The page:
When you add glamour, beauty, a role in a hit series on HBO, talent and athletic ability, there’s plenty of extra sizzle and it’s every marketer’s fantasy. Right now their dream girl is Chantal Sutherland.
Playboy, that paragon of men’s magazines, has picked up the bit and is featuring the rider. No, Sutherland isn’t the centerfold as Miss February, the Playmate of the Month, but the reason isn’t because the editors didn’t ask.
After keeping her clothes on and at the same time turning them off, they still chose her to kick off their new feature series “Femme on Fire: Women to Watch For” on Playboy.com.
As the inaugural subject, Sutherland sat down for a Q&A session to talk about her concurrent careers as a model, actress and jockey and then she posed for photos taken by someone who knows a few things about being the “It Girl” and stardom, as well as her way around the racetrack.
Bo Derek was on the other side of the camera this time.
The result is stunning. Sutherland, holding a pink whip in her perfect teeth, is dressed in pink polka dot silks that are unzipped just enough to reveal her white lace bra underneath.
The jockey, who has already been photographed by none other than Annie Liebovitz for Vogue and appeared in People as “One of the 50 Most Beautiful People in the World”, said that she only agreed to do a revealing shoot with Derek, who was the dream girl of her day and considered the embodiment of the perfect “10”.
Sutherland insisted that the photos be in her words “classy, tasteful and artistic”. And we have a winner. While some, including Julie Krone, Patti Barton, and Patty Cooksey among others, may rightfully take exception to Sutherland being introduced in the piece as “the queen of the jockeys,” no one can argue that she is absolutely drop-dead gorgeous in the photo posted on the very popular website.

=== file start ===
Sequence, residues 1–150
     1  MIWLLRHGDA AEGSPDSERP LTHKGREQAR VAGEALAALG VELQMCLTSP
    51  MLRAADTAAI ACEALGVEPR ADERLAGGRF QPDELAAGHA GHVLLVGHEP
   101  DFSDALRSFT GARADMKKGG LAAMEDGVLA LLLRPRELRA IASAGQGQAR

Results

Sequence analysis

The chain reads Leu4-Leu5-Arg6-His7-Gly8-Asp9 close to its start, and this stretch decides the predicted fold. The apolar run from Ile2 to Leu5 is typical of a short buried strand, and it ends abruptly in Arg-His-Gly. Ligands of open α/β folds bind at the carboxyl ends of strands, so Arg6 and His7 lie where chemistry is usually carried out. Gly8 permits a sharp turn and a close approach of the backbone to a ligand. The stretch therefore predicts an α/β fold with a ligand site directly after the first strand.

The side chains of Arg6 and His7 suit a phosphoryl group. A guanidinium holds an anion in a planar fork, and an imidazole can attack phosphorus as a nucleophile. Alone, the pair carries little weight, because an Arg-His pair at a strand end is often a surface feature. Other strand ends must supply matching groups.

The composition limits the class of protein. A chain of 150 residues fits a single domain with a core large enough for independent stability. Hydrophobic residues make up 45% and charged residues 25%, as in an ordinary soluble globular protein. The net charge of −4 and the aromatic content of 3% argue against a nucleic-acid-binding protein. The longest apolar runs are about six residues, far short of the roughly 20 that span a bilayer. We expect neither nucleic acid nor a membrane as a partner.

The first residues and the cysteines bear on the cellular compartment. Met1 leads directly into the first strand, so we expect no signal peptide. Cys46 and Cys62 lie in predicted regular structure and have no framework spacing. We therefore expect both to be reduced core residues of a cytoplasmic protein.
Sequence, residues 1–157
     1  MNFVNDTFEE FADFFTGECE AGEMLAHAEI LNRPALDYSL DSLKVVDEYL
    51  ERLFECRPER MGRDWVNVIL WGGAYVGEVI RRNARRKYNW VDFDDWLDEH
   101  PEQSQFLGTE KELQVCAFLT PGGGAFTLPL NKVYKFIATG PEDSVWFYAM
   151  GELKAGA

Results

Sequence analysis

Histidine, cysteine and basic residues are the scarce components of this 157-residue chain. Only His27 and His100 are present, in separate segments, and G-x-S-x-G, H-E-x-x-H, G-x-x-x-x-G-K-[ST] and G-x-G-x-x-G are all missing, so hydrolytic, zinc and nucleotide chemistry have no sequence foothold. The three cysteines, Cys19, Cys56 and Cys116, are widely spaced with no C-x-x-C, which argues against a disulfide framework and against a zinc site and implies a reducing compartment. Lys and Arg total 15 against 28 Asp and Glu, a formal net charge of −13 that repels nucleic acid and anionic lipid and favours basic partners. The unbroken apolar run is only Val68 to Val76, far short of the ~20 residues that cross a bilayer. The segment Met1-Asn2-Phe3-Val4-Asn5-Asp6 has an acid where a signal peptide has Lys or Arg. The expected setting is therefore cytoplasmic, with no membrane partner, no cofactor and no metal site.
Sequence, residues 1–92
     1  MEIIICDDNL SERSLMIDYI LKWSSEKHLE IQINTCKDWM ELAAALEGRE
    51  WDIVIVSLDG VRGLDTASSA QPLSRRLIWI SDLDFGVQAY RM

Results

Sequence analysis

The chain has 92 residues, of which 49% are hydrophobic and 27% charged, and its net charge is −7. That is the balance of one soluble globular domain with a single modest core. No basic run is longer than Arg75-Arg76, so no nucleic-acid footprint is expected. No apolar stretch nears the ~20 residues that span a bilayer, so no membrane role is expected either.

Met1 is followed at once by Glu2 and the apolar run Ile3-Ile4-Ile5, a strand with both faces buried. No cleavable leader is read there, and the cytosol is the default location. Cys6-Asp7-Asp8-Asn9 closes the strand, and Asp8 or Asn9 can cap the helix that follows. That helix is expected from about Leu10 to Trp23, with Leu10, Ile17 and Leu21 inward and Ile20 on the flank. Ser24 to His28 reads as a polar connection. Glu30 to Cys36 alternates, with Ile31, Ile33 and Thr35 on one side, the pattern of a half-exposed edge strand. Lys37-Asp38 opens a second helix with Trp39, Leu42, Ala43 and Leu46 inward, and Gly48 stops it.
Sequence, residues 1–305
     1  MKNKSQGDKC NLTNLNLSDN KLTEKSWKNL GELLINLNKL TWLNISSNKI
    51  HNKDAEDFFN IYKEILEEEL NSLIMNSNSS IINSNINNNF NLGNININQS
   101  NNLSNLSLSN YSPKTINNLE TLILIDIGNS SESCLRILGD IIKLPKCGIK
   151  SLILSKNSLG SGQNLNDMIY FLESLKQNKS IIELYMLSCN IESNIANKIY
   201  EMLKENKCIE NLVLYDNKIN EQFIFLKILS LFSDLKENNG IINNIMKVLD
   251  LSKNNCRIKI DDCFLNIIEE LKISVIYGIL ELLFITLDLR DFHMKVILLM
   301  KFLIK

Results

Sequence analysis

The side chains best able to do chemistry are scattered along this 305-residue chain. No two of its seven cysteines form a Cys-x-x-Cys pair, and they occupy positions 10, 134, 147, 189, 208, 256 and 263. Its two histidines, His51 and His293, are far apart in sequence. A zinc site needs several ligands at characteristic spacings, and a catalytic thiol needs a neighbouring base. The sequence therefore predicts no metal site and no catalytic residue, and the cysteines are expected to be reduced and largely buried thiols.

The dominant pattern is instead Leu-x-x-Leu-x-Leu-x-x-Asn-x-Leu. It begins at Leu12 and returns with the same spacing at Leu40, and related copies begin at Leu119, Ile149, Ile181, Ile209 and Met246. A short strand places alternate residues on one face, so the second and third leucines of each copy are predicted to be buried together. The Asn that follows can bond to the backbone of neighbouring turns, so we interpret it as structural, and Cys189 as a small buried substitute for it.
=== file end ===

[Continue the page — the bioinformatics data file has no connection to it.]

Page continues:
That can only be good for racing, which needs an influx of new people betting fresh dollars not only at Santa Anita, where Sutherland is currently riding, but at tracks across the continent, including her native Canada.
Continue to watch the total handle drop each quarter and you don’t have to be the second coming of PR maven Swifty Lazar to figure out that the old ways of selling the sport just aren’t working well enough. And they haven’t for a long time.
As someone who’s sat in a hell of a lot of marketing meetings at tracks in both a major market and on a smaller circuit and has attended an awful lot of national marketing seminars and symposiums, I can attest that a variety of different approaches have already been tried to jazz up attendance and handle (anyone remember the Lori Petty and ‘Go Baby, Go!’ campaign?).
The industry has already tried to define and sell itself in a multitude of ways: Do we key on and promote the sport? The gambling? Family entertainment? A day at the park? Beer, food and fun? Beautiful horses? All of the above? None of the above?
Sex sells everything else, so why not our sport? Just maybe if people fall in love with Chantal Sutherland on Playboy.com, they’ll also fall in love with racing.
As my grandmother used to say, “It couldn’t hurt
Written by Lynne Snierson